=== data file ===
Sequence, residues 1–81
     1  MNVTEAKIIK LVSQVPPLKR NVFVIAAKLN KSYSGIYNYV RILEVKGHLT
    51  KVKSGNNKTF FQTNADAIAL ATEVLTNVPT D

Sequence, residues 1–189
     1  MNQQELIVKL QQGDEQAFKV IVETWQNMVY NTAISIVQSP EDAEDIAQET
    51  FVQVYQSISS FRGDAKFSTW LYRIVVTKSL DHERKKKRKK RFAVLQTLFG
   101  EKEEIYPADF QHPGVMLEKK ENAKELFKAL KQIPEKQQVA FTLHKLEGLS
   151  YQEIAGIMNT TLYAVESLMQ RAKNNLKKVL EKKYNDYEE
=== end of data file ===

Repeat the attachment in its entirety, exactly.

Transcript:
Sequence, residues 1–81
     1  MNVTEAKIIK LVSQVPPLKR NVFVIAAKLN KSYSGIYNYV RILEVKGHLT
    51  KVKSGNNKTF FQTNADAIAL ATEVLTNVPT D

Sequence, residues 1–189
     1  MNQQELIVKL QQGDEQAFKV IVETWQNMVY NTAISIVQSP EDAEDIAQET
    51  FVQVYQSISS FRGDAKFSTW LYRIVVTKSL DHERKKKRKK RFAVLQTLFG
   101  EKEEIYPADF QHPGVMLEKK ENAKELFKAL KQIPEKQQVA FTLHKLEGLS
   151  YQEIAGIMNT TLYAVESLMQ RAKNNLKKVL EKKYNDYEE